Street's message to the Obama administration was clear Tuesday, even if the plan to save the banking industry wasn't.

    "Zero has changed,"

    said Michael Cohn, chief market strategist at Atlantis Asset Management in New York. "Everyone knew everything except the issue with doing something positive for small business. There's no clarity on whether they can repeal the mark-to-market (accounting rules). I don't know how they're going to do it."

    ... "What gives you, the retail investors, hope is when you start to see the hedge funds go back into equities, institutional buying into equities, that pushes the market up for two or three days."

    A change in the news cycle away from the negativity of the White House's fumbling of the bank rescue announcement would help make that happen.

    "Professional investors would much rather see an organic move in the market, meaning it's not induced by any move from Washington but rather by a company saying revenue looks better than expected, that orders have picked up," Krosby says. "Or they begin to see the news, the macroeconomic data are stabilizing, that's what moves the market ultimately."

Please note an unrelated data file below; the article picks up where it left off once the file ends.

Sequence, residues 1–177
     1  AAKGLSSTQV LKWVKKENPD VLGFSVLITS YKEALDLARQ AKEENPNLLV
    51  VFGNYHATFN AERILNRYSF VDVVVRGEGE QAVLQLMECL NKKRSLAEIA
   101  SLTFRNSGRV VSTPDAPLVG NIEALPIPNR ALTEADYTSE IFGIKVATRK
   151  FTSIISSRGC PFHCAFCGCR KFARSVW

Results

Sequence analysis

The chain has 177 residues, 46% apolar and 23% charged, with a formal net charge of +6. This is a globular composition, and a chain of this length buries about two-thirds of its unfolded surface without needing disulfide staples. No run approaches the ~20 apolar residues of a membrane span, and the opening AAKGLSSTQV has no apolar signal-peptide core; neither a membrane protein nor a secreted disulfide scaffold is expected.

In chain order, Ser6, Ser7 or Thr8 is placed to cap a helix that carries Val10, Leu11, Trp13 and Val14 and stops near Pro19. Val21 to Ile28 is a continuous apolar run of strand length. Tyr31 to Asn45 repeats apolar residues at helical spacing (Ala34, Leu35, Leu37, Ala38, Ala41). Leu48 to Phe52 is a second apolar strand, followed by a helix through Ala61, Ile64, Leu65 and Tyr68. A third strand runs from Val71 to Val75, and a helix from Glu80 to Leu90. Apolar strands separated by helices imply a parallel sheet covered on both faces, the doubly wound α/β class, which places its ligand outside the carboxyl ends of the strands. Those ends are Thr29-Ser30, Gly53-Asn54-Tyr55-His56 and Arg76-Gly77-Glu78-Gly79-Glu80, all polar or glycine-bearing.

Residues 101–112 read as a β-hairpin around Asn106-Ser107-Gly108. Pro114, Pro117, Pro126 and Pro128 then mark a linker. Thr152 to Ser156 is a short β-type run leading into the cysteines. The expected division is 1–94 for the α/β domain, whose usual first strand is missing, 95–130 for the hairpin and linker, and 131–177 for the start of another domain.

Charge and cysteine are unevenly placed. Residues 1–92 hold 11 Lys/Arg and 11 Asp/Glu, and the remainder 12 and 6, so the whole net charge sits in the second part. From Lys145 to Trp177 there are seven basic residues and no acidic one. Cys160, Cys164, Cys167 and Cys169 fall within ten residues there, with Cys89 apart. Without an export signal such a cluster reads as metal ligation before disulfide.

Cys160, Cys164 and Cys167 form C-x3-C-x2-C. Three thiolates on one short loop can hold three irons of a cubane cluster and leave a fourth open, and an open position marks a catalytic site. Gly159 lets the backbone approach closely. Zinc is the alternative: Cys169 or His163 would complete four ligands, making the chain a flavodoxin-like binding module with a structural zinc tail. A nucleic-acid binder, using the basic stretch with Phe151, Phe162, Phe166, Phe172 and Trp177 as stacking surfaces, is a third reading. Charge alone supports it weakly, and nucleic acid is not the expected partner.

"Slowly but surely this thing is going to get better," Cohn adds.

    "It's just really slow. Until the bad news stops, you're not going to change the world's perception."

    Until the bad news stops

    That's the kind of wisdom a fellow needs to make the 'Big Money' as a expert for a General Electric subsidiary?

    wo"o", I had a similar experience with saddle makers, in India. At the end of the day, it just was not worth the hassle to deal with them. Same went for computer programing and software developed in Singapore. The time differences made communication, in real time, impossible. Again, not worth the effort. Similar solutions were found, eventually, in America.

  5. The guys that fish for steelhead here use the big raw unpeeled fresh shrimp for bait.

    Since it doesn't come in a can, I don't know where it comes from.

  6. Whatever happened to that Italian Tuna in oil?

  7. Taliban targets the heart of Kabul
    Synchronized suicide attacks claim at least 19 on the eve of the scheduled arrival of Obama's new envoy to the region.

  8. The Alaskan salmon at Costco is great, but you have to be Rockyfeller to buy four cans.

  9. Do you have a Costco over there, al-Doug?

  10. 19 Killed in Suicide Attacks on Government Sites in Kabul
    The attacks displayed the apparent ease with which Taliban insurgents can breach the defenses of the heavily-fortified capital.